Stock market jitters are no joke.
As a case in point, upon the release of Adyen’s first-half results on Thursday (Aug. 18), the company’s shares dropped nearly 15% in trading after the global payments firm reported first-half earning results 3% below market expectations.
But after a rocky morning, Adyen stocks regained a good chunk of their lost value as company CFO, Ingo Uytdehaage, addressed investors on an earnings call later in the day.
In terms of headline numbers, Adyen’s revenue in Europe, the Middle East and Africa (EMEA) grew by 30% compared to 52% in North America and 53% in the Asia-Pacific region, indicating comparatively slow growth in Europe, where the Amsterdam-headquartered firm is based.
To explain the imbalance, Ethan Tandowsky, Adyen’s head of group finance, pointed to the company’s global operations and the fact that “there are times when one region goes faster than another based on the projects we’re working on with those global customers.”
He added that in Europe, where the Dutch payments firm has been the longest, they have been pleased with the growth they’re witnessing across the market. “We’re still taking market share, we’re still seeing that we win from the incumbents [and] the newer players. Overall we’re really confident with our performance in Europe and we continue to hire here to support that,” Tandowsky said.
And the fact that Amsterdam is still the company’s largest base and has accounted for the majority of the new hires this year further emphasizes the point that Europe remains a key market for the firm even if other regions have outpaced it in terms of growth.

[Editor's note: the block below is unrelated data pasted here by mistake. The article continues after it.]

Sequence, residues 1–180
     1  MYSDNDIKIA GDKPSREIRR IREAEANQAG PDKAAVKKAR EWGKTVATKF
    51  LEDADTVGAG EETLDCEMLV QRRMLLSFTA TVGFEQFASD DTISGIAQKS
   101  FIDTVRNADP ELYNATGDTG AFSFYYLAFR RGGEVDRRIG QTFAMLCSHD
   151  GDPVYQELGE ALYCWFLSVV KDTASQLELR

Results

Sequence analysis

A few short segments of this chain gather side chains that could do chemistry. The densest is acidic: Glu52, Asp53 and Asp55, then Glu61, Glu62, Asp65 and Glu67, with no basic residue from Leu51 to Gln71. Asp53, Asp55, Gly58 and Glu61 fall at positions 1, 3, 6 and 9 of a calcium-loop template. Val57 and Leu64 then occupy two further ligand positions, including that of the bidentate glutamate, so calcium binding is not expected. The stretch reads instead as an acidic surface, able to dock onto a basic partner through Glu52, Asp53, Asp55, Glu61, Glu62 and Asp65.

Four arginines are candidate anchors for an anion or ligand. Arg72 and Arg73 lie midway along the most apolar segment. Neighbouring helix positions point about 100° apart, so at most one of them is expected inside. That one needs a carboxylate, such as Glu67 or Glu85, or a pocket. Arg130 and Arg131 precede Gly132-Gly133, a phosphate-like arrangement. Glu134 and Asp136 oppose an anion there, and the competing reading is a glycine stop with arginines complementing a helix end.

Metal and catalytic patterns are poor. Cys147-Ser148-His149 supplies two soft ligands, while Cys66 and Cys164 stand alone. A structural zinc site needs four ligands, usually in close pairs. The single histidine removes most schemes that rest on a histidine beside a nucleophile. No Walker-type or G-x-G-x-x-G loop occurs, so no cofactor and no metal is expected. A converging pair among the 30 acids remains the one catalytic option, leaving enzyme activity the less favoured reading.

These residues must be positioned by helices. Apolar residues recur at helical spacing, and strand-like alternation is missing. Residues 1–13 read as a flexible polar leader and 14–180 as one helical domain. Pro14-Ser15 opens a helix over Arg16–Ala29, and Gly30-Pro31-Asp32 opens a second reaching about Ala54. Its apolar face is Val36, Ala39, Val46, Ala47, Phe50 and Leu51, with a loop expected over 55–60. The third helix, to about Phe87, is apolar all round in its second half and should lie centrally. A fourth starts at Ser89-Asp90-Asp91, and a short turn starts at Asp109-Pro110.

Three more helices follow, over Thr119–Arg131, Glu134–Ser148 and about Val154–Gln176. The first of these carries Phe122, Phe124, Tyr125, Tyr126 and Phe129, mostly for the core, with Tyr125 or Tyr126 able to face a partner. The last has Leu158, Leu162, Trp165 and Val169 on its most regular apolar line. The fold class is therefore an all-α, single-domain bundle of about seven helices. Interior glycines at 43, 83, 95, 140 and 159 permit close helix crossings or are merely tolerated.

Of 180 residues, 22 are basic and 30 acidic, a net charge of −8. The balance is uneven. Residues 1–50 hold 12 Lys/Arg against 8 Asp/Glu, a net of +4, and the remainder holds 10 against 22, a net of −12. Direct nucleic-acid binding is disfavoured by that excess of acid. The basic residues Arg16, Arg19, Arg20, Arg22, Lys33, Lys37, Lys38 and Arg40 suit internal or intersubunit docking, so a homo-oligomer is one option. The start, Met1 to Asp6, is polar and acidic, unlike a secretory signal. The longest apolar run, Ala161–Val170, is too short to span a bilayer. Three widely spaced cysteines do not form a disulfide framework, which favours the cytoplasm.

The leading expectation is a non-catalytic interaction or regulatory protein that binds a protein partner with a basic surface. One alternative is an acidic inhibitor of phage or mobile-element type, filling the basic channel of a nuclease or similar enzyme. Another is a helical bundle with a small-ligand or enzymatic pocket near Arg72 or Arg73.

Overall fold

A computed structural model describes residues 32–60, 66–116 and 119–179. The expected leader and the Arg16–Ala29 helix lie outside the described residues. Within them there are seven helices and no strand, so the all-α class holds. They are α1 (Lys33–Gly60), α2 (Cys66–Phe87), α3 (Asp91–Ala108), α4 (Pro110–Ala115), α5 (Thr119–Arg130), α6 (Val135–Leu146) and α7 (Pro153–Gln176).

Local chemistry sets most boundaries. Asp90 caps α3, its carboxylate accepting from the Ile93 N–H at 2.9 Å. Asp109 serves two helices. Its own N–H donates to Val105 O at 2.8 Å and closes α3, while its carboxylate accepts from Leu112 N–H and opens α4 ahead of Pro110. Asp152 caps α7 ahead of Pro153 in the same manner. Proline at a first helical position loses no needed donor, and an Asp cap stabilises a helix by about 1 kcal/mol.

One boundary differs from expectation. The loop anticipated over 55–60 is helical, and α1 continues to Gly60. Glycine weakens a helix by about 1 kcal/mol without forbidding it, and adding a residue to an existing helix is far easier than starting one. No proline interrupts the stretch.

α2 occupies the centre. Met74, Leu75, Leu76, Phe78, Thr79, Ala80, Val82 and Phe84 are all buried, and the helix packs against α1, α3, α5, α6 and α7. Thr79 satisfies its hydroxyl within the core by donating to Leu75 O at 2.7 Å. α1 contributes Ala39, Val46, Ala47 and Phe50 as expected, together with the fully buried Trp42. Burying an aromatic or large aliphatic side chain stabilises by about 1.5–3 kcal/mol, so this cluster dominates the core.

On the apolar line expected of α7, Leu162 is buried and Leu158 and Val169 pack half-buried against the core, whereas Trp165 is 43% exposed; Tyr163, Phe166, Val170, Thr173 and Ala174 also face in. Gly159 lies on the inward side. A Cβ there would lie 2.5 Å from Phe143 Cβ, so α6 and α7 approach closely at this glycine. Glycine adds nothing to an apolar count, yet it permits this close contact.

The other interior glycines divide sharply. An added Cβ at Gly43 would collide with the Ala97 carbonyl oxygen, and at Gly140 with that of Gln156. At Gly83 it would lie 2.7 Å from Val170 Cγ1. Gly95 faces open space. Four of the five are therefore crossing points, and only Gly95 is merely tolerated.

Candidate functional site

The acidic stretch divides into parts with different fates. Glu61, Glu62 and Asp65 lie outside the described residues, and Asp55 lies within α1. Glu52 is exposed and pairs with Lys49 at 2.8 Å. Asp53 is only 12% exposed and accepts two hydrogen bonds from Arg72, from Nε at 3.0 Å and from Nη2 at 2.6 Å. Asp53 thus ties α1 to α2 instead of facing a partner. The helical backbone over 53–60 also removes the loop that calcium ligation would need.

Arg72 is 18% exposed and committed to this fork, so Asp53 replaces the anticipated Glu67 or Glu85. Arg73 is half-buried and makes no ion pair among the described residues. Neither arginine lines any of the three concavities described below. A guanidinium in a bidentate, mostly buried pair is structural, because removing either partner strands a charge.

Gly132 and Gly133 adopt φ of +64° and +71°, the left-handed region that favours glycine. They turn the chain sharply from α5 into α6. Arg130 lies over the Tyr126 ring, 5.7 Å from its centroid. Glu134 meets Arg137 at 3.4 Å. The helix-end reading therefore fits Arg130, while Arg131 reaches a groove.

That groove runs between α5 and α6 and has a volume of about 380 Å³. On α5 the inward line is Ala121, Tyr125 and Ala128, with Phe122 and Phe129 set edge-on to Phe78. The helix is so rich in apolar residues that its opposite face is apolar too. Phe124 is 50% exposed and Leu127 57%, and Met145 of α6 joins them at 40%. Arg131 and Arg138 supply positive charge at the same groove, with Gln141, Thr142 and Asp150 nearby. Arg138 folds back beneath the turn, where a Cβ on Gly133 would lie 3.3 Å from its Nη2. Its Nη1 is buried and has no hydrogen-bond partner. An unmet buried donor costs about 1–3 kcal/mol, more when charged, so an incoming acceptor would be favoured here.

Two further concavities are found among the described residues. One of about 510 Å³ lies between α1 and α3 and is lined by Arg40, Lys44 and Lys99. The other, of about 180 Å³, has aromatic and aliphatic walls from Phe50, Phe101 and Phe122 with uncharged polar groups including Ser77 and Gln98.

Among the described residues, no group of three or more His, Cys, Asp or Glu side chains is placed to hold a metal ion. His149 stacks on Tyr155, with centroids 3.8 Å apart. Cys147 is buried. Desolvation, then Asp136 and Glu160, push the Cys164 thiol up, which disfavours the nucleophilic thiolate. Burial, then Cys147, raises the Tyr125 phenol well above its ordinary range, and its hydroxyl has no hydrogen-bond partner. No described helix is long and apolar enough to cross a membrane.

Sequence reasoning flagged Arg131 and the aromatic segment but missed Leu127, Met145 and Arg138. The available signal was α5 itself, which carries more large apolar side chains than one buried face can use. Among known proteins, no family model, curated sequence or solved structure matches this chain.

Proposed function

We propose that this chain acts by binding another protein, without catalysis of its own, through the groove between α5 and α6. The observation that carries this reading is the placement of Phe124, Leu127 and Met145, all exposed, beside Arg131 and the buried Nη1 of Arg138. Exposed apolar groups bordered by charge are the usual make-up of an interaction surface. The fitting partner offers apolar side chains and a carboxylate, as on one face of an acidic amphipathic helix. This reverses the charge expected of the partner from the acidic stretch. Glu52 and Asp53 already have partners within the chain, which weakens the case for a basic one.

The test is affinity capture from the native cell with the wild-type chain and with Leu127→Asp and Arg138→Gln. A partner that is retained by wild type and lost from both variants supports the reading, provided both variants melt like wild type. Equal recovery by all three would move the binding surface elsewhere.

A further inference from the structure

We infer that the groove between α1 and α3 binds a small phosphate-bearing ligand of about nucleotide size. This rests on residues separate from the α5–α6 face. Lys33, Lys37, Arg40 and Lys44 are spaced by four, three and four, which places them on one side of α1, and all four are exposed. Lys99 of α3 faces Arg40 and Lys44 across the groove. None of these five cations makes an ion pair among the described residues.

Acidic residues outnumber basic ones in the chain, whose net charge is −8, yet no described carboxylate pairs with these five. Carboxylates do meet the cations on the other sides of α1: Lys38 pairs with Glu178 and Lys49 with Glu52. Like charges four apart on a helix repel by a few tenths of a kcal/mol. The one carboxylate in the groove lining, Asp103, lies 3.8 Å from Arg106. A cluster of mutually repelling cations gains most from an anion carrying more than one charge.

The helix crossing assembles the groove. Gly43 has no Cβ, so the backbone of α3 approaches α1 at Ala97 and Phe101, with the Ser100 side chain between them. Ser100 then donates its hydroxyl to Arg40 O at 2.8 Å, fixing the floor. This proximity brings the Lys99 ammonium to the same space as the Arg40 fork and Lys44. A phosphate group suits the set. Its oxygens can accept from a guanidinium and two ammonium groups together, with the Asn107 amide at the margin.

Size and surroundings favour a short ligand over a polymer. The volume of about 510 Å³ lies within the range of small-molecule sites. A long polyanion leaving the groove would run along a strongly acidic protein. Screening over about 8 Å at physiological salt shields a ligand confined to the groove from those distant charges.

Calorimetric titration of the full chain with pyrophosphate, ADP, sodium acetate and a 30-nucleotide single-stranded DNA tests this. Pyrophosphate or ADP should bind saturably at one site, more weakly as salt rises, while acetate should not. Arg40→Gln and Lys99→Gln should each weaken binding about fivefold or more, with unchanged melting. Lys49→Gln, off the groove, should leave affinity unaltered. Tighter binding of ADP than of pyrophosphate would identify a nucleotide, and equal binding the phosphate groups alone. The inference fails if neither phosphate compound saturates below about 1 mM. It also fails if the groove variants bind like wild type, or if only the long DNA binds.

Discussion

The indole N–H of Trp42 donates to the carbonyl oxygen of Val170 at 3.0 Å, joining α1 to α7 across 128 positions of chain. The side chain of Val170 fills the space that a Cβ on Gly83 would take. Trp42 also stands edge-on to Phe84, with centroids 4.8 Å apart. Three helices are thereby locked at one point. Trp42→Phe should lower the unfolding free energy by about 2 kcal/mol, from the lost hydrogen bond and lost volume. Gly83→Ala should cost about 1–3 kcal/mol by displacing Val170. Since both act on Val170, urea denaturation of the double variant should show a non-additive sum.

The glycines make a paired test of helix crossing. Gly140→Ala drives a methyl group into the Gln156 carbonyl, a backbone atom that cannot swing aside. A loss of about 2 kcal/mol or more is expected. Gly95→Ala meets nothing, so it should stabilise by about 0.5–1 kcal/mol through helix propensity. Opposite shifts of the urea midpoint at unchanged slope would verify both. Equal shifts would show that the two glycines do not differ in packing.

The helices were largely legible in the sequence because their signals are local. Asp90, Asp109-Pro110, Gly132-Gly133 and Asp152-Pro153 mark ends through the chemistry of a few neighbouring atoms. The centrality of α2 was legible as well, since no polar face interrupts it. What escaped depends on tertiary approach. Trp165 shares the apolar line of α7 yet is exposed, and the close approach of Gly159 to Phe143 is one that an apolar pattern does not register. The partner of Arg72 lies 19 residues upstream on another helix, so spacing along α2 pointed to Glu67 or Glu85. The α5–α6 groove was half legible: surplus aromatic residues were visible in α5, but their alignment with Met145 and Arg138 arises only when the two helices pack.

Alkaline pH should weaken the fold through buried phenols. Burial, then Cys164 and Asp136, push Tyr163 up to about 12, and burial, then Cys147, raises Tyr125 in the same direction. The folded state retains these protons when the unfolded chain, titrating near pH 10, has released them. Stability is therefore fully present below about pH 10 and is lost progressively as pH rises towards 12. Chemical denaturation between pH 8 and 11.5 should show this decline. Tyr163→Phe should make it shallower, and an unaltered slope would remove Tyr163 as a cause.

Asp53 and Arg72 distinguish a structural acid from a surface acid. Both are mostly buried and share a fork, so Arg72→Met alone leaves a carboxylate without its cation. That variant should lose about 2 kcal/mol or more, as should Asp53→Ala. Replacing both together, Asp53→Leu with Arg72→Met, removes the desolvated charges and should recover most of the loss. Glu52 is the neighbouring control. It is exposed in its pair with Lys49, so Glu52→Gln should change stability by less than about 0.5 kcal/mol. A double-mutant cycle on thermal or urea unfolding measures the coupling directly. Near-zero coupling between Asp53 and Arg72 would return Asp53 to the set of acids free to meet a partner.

For example, of the company’s over 2,500 staff full-time equivalent (FTE), close to 60% (1,486) of them are based out of the global and European headquarters in Amsterdam. Adyen also has offices in 10 other European cities, more than in any other region.
Bucking the Mass Layoff Trend
Amid growing investor concerns, biting inflation and crippling geopolitical issues, Adyen has bucked the trend of mass layoffs and hiring freezes adopted by many global companies.
Instead, the firm expanded its workforce by 400 early this year, leading to a 37% wage increase from 2021 to €135 million.
But according to Uytdehaage, injecting that hefty sum into building their team — 50% of the new hires are in tech roles — is a crucial part of their long-term strategy, which is all about investing in the future.
“It is a longer time horizon before you see a product like the embedded financial products turning into significant revenues, but that’s an investment that we want to make because we have seen in the past […] that it really pays off,” he said.
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